The debt collection business is in some ways countercyclical, with the need for businesses to collect unpaid debts typically growing during weak economic conditions and pulling back somewhat during good times. PRA Group (NASDAQ:PRAA) has seen the ups and downs of the economic cycle on its business, and it knows that it has to be ready to ramp up when available business picks up steam in the future.
Coming into Wednesday's third-quarter financial report, PRA Group investors understood that the company would once again see weaker fundamental performance from the debt collection company. PRA Group didn't pull a rabbit out of its hat to avoid that downturn, but it did give signs that it's getting ready for better times ahead. Let's take a closer look at PRA Group to see what it expects in the near future.
PRA Group sees its numbers fall again
PRA Group's third-quarter results were a repeat of the downward pressure investors have seen previously. Revenue was down 9% to $201 million, but that was slightly better than the 11% decline that most investors were anticipating. Net income of $16.9 million was down by more than half from year-ago levels, and earnings of $0.34 per share represented a similarly steep percentage drop despite topping the consensus forecast for $0.28 per share on the bottom line.
Operationally, PRA Group's results weren't nearly as gloomy. Cash collections were up 3% from the year-ago period, with strength nearly across the board. The core Americas business posted minimal gains of about 1%, but European core collections jumped almost 7%. Insolvency-related collections were up slightly, with most of the strength coming from Europe, but the company did note that Americas-related insolvency collections were up for the first time in three and a half years.
PRA Group also moved to bolster its portfolio. The company spent nearly $211 million on new finance receivables during the period, up by almost $50 million from its pace a year ago. The vast majority of purchase activity centered on the Americas unit, and PRA Group has already committed to purchasing nonperforming loans in the next 12 months of up to $414 million. Overall, PRA Group estimates that it has $5.4 billion left to collect, which is up by $100 million in just the past three months.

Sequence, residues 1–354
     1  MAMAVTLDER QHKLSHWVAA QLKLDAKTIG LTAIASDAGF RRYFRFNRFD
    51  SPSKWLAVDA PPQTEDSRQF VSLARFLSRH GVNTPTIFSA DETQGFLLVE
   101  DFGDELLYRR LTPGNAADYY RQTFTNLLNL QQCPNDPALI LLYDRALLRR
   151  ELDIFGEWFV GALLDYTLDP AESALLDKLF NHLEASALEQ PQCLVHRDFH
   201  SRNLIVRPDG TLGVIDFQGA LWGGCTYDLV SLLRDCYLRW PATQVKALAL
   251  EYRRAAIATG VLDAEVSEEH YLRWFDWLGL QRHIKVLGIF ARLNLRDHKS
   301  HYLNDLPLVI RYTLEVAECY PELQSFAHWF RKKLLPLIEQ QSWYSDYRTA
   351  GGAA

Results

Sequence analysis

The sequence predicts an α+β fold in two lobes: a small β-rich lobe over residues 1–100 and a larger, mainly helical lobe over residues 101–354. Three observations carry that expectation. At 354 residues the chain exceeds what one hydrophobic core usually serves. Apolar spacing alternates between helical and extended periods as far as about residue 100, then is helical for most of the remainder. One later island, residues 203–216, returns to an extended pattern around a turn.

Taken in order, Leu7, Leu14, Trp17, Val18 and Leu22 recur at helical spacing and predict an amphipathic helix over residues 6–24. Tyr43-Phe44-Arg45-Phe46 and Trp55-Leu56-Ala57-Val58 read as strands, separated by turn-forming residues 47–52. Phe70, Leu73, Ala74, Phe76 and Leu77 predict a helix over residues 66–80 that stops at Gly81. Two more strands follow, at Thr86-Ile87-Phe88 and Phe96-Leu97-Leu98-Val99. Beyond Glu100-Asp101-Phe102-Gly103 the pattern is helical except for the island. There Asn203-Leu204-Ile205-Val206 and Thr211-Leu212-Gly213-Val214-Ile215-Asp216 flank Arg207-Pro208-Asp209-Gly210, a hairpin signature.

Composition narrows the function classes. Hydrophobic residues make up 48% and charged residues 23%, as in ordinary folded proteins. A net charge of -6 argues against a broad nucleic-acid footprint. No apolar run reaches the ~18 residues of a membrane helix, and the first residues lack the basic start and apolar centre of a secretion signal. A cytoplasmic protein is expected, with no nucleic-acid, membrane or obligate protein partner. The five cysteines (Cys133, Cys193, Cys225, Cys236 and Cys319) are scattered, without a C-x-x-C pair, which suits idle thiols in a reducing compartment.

CEO Kevin Stevenson was happy about how the company is doing. "PRA continues to deliver from an operational perspective in both Europe and the Americas," Stevenson said. The CEO pointed to greater investment in the legal channel and improved scoring systems as enhancing its ability to find higher-quality assets.
What's next for PRA Group?
PRA sees more lucrative times ahead for its business. In Stevenson's words, "We have been investing to prepare for anticipated growth, especially in the U.S., and want to make sure we are in the best position possible to help sellers globally with their nonperforming loans."
To handle that excess demand, PRA Group is looking at opening new call centers. In addition to expanding its existing sites in Virginia, the company expects that locations in Henderson, Nevada just outside Las Vegas and in Burlington, North Carolina will help lighten the load for current call centers that are at capacity. By doing so, PRA Group will be able to bring on almost 1,000 new collectors. That will be necessary in order to make the most of the assets that the company has purchased recently.
PRA Group investors didn't react immediately to the news, and the stock didn't move in after-hours trading following the announcement. Yet with the stock trading near its lowest levels in years, long-term shareholders have to hope that PRA Group will start to see signs of a cyclical upswing coming in the near future that will start to improve the company's fundamental performance.